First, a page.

One of the most important lessons I’ve learned from being a rector has also been one of the hardest: nobody wants a rector. When high school graduates look forward to their first day at Notre Dame, they dream of football Saturdays. They picture themselves in a massive lecture hall. They imagine life in a college dorm, and — if we’re lucky — they may even be excited to meet their new rector. Not because they really want a rector. We just come with the dorm. And they pray that both are nice.
But you know what they do want? They want someone who can help them when they need it, but gives them space to figure it out on their own. Someone who treats them like adults, but remembers they’re still on the road there. Someone who sets them straight, but does it because you believe in them and in what they could be if they really pulled it together. Someone who manages to get everything done to make the hall run, but is still excited to see them and hear about their day. Someone who is proud of them. Someone they can be proud of in return. Someone who loves them and makes them feel at home.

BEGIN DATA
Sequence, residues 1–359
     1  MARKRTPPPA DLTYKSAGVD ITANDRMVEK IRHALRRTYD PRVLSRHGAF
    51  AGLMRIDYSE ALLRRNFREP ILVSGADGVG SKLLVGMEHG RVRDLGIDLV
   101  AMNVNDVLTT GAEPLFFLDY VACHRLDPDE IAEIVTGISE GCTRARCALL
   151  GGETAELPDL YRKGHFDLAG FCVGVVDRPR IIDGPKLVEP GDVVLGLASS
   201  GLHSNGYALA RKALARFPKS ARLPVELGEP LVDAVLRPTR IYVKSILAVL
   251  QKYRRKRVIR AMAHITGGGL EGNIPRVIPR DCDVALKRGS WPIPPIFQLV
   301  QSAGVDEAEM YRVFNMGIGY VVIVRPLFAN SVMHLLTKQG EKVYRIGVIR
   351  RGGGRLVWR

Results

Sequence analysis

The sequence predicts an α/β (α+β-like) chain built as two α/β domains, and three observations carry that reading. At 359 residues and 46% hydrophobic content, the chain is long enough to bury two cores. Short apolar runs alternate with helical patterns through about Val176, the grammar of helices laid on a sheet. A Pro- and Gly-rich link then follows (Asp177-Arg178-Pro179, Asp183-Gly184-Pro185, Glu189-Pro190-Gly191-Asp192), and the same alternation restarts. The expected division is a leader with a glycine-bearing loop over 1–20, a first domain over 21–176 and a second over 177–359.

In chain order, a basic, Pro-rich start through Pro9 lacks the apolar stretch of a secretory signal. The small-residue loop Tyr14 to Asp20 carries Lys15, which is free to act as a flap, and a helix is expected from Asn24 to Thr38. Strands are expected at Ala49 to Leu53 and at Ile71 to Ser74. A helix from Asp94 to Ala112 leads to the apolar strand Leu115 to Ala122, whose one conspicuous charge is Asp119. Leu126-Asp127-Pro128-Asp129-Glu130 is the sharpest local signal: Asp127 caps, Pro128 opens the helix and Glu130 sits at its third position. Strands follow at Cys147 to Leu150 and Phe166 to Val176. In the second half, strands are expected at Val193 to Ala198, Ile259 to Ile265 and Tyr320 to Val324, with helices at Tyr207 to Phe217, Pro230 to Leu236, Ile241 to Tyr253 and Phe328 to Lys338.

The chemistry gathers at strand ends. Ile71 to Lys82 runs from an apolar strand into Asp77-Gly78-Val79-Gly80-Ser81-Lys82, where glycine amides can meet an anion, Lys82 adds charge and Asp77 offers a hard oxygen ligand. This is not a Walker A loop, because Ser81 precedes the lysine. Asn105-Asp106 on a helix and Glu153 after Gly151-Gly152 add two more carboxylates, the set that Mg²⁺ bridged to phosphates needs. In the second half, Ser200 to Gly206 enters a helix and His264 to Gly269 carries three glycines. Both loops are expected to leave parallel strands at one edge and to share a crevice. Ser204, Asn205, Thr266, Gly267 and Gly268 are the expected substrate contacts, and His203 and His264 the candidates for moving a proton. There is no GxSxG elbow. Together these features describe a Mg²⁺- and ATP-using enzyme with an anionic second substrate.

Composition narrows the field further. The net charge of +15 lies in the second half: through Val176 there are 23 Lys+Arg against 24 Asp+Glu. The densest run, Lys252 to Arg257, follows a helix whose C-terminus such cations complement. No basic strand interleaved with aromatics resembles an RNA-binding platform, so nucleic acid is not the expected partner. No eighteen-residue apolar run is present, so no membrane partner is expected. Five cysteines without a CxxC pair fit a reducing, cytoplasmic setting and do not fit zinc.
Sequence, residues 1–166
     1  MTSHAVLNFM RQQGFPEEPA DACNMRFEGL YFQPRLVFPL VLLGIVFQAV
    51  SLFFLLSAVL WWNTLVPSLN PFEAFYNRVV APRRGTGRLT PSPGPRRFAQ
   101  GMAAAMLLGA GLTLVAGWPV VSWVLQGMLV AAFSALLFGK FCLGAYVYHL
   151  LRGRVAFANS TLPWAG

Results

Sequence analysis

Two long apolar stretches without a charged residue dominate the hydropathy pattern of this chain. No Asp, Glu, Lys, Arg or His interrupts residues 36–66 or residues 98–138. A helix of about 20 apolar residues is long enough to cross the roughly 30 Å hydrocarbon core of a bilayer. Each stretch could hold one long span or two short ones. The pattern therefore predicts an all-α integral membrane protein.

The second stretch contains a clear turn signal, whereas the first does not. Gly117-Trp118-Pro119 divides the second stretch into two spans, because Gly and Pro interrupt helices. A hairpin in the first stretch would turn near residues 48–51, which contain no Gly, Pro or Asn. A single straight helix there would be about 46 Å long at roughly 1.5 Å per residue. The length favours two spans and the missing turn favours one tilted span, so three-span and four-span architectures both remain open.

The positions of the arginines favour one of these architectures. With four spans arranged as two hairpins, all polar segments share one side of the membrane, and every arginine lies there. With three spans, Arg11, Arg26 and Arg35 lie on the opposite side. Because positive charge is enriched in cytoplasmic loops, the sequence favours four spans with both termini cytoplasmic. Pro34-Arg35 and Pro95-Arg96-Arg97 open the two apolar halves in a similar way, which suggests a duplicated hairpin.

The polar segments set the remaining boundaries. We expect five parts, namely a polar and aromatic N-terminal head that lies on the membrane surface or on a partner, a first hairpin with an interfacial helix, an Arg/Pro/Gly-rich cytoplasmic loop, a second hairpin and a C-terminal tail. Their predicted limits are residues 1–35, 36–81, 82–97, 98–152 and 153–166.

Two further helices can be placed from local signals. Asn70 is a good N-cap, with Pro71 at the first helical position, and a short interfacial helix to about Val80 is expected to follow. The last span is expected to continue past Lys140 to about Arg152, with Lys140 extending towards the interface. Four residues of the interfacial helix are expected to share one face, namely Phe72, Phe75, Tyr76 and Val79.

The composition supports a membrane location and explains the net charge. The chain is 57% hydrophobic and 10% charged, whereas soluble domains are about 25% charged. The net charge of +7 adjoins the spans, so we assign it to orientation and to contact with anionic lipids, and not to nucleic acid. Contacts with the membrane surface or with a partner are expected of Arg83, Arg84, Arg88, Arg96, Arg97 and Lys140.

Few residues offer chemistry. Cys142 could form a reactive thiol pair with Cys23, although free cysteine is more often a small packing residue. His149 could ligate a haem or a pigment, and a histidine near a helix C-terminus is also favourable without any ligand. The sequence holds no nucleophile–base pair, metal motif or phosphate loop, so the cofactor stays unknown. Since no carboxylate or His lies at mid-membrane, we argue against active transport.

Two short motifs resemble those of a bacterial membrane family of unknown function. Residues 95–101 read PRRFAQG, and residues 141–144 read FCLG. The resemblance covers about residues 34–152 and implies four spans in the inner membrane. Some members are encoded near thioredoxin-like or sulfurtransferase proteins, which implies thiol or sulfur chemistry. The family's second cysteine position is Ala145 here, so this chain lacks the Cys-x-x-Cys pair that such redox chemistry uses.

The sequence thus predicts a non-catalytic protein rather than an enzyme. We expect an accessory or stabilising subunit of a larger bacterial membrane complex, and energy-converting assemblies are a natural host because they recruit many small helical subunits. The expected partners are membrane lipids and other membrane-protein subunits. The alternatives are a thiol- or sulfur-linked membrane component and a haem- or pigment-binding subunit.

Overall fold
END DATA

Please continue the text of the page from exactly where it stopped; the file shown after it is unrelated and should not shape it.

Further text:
If you ask any college student in the world whether they want each of these things, the vast majority will say yes. Who wouldn’t? Ask them if they want a rector, however, and most would probably tell you they’re fine on their own or with just an RA to help them.
Which is actually really freeing. When you’ve given your life to a ministry you believe in and feel called to, the best way to assure that your life and your ministry grow together and bear fruit is to approach that ministry from the outset with a humility that acknowledges you’re not the thing that matters in all of this. Those you serve are. In this case, my guys.
So I give my guys what they want: help, respect, encouragement, guidance, attention, care, belonging, and love. If, in the process, they realize that’s just me being their rector, all the better.